Nisga’a elder Audrey Barton leads a blessing prior to the beginning of the relay. (Alex Kurial / The Northern View)

The inaugural Tears to Hope Relay sets off from Prince Rupert and Smithers, heading to Terrace

Tears to Hope Society hopes to shine a light on missing and murdered women along Highway 16

The inaugural Tears to Hope Relay set off from Prince Rupert and Smithers on the morning of June 21, with the goal of raising awareness for Missing and Murdered Indigenous Women and Girls.

“Our purpose in this race is to take the Highway of Tears and turn the page to Tears of Hope,” said organizer and runner Birgitte Bartlett, from the Kitsumkalum First Nation.

Organized by the Tears to Hope Society, participants in the run are hoping to shine a particular light on women who have been murdered or gone missing along Highway 16 between Prince Rupert and Prince George.

Mary Denton holds the deerskin scroll that each runner will carry during their stretch of the relay. The scroll carries a message of hope, and will be symbolically transferred via the traditional Indigenous method of transferring messages from village to village. (Alex Kurial / The Northern View)

READ MORE: Team “Tears to HOPE” ran in the Vancouver Sun Run in honour of murdered and missing Indigenous women

“I don’t know how any of these people would survive without hope,” said Bartlett.

Bartlett’s daughter, Mary Denton, was the starting runner out of Prince Rupert. The relay and meaning behind it, as with many others, is deeply personal to her.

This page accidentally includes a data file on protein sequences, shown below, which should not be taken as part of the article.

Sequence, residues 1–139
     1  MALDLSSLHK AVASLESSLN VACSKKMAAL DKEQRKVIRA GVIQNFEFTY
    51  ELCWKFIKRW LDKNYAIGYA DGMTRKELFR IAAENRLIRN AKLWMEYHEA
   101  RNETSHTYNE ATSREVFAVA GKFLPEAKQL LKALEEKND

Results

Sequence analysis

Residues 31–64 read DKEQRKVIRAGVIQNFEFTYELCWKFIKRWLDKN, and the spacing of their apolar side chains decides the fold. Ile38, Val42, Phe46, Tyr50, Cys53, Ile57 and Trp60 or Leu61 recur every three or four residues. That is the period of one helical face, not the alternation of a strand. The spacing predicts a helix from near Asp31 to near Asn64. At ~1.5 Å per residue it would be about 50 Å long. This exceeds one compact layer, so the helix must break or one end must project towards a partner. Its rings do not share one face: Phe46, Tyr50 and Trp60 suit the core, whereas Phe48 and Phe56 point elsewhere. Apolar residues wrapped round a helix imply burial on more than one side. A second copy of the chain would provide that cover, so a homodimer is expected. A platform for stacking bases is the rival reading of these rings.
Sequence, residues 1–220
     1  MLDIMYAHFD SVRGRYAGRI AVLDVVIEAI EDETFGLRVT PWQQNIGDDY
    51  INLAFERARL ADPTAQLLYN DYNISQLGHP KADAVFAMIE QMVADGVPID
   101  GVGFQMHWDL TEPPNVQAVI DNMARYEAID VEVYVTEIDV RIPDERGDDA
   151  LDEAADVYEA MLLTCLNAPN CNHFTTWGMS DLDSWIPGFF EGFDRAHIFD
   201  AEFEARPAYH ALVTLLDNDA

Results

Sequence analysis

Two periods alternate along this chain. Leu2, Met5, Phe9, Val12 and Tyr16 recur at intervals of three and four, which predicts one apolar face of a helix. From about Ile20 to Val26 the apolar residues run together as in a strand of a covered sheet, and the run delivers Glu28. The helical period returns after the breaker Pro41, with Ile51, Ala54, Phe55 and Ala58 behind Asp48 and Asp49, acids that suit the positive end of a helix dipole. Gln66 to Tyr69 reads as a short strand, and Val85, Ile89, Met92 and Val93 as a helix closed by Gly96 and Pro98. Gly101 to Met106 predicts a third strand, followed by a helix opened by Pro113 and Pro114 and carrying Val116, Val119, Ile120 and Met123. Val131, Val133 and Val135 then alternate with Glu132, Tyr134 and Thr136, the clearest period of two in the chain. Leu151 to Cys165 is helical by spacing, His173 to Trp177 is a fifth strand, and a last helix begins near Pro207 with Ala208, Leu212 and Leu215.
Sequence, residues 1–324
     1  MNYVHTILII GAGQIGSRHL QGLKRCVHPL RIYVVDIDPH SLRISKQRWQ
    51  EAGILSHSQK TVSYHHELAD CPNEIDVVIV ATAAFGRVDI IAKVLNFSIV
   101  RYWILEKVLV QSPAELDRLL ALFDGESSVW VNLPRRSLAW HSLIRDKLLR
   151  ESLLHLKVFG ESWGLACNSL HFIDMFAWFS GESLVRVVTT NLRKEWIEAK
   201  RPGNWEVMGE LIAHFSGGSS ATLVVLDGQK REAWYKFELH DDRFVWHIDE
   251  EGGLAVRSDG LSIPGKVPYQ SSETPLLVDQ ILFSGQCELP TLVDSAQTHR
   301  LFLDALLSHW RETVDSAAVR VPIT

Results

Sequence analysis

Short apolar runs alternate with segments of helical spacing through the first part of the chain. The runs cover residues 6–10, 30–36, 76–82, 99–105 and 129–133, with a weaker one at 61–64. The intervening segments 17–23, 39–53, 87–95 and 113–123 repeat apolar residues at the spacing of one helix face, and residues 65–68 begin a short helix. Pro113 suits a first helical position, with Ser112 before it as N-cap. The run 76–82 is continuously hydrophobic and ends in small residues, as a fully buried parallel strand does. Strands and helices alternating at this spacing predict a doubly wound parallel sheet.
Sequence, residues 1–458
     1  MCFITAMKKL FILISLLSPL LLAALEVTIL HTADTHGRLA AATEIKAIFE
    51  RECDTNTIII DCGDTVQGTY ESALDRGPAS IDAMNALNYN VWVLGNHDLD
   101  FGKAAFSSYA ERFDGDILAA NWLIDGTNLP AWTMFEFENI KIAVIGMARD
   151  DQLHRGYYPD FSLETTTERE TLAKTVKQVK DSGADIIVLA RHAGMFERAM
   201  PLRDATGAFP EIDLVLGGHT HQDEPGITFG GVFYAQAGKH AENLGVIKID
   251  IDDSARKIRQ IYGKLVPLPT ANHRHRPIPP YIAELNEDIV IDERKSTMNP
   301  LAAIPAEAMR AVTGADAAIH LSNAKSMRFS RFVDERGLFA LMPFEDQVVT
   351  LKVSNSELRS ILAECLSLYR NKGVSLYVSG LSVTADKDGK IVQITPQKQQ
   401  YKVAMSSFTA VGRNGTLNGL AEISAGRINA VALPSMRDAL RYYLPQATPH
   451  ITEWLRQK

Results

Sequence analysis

“I grew up a kid from Kalum and was involved in multiple searches for many women that have been missing on the highway before they were even deemed and considered missing by RCMP,” explained Denton.

Symbia Barnaby performs a sage smudging on Mary Denton prior to her departure. The smudging provides spiritual clearing and protection for those who receive it. (Alex Kurial / The Northern View)

“Our shirts say ‘She is somebody’ It’s reminding people that these families never got closure,” said Denton. “These women disappeared, but they still need to be acknowledged. It would be nice if everybody felt safe here and felt like they could take it back.”

The runners traversing Highway 16 from Prince Rupert to Terrace will meet up with their counterparts who left from Smithers on June 22, at which point they will head to the George Little Park for Indigenous Peoples Day celebrations.

Tsimshian chief Clarence Nelson conducts a welcome ceremony prior to the departure of the first runner, surrounded by Nisga’a elder Audrey Barton (left) and Indigenous rights activist Gladys Radek (right). (Alex Kurial / The Northern View)

READ MORE: Walking the Highway of Tears for a woman who went missing 12 years ago from Prince Rupert

Also present at the starting ceremony was noted Indigenous rights activist Gladys Radek. Radek’s niece, Tamara Chipman, went missing at the Industrial Park outside of Prince Rupert in 2005. She has since organized several walks across the country through her groups Walk 4 Justice and Tears 4 Justice, and is assisting in the Tears to Hope Relay efforts.


Alex Kurial | Journalist
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